Jack Broughan gets his head around the debut album from the “next big thing”, James Blake.
I’m not going to pretend that I’ve been following James Blake since he put out his first release; Air & Lack Thereof on Hemlock records but it certainly confused me to find his CYMK EP while I was trawling through R&S records back catalogue a few months back.
As it turns out Blake has been putting out music since 2009 starting with the aforementioned; Air & Lack Thereof 12”. His first EP The Bells Sketch is much different to his new LP, more electronic but still retains echoes of his production.
The Bells Sketch has the same soul melodies but set to a more thumping walking beat. The drums are slightly off-kilter like a run of the mill dubstep record but nearly un-danceable. It rumbles from beat to beat neatly unwinding with pleasing chords and a bass that sounds like something straight out of The Chronic.
CMYK and Klaveirweke expand on this sound talking it into a weird middle ground between dubstep UK Garage and electronica. Both EPs draw on Blake’s concoction of dubstep, R&B, Hip hop and electronica. CMYK opens stuttering percussion samples layered with a sample from a Kelis track.
One of the most glaringly obvious things about CMYK and Klavierweke is Blake’s willingness to experiment. ‘I’ll Stay’, on face value, sounds like a Flying Lotus style chill out track but the subtle rhythmic chopping and cutting give the track energy that comes completely out of the blue.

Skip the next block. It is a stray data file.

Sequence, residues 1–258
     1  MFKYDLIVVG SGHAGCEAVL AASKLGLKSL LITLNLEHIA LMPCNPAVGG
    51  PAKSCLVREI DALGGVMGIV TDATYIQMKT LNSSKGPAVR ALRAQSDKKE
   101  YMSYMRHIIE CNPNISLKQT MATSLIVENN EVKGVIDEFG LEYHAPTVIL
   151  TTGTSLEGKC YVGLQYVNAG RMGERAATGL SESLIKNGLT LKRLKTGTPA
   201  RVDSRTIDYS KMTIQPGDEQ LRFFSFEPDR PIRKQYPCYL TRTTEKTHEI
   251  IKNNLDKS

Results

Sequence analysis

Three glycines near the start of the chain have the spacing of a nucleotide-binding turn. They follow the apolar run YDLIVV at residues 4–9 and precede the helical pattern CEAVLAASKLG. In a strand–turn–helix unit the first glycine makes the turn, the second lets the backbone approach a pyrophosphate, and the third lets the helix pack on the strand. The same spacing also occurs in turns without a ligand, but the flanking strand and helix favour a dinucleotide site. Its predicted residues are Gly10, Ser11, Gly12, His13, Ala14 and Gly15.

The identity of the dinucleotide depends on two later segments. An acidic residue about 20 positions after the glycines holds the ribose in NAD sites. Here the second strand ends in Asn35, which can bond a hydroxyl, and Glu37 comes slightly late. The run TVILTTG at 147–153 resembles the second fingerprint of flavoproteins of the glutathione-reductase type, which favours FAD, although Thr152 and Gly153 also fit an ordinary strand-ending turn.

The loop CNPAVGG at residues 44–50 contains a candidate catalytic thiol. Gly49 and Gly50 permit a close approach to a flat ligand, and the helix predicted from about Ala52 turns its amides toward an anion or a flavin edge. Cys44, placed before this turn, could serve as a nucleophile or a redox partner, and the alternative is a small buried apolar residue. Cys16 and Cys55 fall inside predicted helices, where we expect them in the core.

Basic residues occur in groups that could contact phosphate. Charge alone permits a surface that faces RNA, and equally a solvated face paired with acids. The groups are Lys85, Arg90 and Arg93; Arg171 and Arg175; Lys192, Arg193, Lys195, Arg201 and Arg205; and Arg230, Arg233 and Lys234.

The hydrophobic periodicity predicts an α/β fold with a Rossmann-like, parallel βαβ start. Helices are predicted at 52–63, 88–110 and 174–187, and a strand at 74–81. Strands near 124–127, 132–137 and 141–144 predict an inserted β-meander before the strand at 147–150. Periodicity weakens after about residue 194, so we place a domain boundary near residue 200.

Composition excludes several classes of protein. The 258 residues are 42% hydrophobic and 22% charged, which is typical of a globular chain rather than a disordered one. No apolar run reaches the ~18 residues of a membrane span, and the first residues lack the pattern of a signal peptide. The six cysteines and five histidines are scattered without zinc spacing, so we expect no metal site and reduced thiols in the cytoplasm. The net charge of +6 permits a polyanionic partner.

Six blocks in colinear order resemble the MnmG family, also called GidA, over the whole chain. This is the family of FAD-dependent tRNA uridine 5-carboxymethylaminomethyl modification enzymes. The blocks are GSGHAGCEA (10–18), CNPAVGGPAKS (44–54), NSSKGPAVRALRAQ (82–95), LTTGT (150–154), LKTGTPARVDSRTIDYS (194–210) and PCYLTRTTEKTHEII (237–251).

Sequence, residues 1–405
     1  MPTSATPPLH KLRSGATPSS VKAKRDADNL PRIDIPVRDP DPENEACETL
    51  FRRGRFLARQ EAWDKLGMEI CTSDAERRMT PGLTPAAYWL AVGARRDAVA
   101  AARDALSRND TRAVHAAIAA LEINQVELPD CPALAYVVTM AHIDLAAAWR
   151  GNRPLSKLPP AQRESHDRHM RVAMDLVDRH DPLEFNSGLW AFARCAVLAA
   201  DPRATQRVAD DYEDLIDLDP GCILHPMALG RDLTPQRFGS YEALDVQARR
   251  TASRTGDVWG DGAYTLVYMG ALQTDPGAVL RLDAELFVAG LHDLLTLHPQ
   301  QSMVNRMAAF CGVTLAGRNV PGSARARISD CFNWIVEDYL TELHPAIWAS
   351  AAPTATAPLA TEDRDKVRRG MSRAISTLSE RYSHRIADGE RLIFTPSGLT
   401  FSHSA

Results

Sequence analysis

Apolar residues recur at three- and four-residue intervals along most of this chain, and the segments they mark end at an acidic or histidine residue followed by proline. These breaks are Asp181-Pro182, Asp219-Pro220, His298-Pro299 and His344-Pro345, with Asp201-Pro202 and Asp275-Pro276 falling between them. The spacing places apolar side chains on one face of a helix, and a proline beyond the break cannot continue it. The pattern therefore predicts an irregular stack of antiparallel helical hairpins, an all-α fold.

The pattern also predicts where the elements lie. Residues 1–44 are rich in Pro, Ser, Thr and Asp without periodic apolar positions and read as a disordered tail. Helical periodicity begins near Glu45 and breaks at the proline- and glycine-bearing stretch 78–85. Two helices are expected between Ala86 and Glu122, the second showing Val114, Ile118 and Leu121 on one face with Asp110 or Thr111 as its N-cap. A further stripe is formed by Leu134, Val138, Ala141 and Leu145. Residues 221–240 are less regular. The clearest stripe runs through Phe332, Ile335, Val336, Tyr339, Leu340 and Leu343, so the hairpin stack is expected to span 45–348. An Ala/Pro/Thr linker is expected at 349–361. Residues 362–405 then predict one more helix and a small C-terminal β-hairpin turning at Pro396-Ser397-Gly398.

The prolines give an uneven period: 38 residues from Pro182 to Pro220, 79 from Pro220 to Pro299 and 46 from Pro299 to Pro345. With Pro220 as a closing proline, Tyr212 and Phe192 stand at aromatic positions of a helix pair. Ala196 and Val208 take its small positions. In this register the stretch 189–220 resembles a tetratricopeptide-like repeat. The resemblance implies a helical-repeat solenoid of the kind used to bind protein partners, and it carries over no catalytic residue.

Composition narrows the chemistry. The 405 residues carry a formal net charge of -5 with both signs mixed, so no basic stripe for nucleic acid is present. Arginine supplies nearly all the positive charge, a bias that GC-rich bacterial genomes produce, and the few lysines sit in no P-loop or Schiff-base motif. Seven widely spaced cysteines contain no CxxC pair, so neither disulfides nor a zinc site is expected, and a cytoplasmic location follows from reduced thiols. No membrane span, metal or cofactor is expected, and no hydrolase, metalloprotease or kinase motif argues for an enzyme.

Similarly ‘Tell Her Safe’ on Klaveirweke begins with a muffled, reverbed vocal with a barely distinguishable group vocal chant. This coupled with the understated yet rhythmic centre piece makes the track sound like a Burial remix of a Bon Iver track.
While his work as a producer may already be exciting Blake’s album is by far the most interesting piece of work he has put out to date. The album begins with ‘Unluck’, an almost frail vocoded vocal accompanied by stuttering drum samples and the occasional crunchy sample thrown in for good measure. The track builds and dissolves naturally fragile in places and yet thrilling when Blake changes the dynamic of the song.
Although simple, Blake’s music is minimalist, using small nuances to bring tracks alive. On ‘Limit to Your Love’ (a cover of the Feist track by the same name) Blake’s addition of a trembling almost sub-sonic bass line is a master stroke. The sound is so subtle, without headphones it would be easy to miss but once you know it’s there it becomes a focal point of the track.
Similarly the rests in the track are perfectly timed, just long enough to have you yearning for the chord progression to roll back in. ‘I Never Learnt To Share’ is one of the albums outstanding moments. Beginning with a haunting vocal that repeats “My brother and my sister don’t speak to me, but I don’t blame them” backed by soul tinged piano lead that contorts the original sound of the track into a melodic and completely unexpected twist.
The album takes a step away from the strictly electronic production of CMYD and Klaveirweke opting for a more musician rather than producer role. Before this release Blake had been repeatedly touted as “post-dubstep” or billed as some sort for game changer for the genre. And, while this is clearly not the case, what has emerged is something altogether more exciting.
This self-titled effort isn’t filled with dance floor bangers and sub heavy club classics but has managed to create an original and exciting voice and style. The album is minimalist and soulful but sonically brave enough to sound exciting and peerless. Blake’s electronic efforts bear the hallmarks of his style, the prophet modular synth and studious attention to detail but are altogether different in their own right. Whatever happens next it looks like Blake has all the bases covered.
James Blake’s debut James Blake is released on February 7th.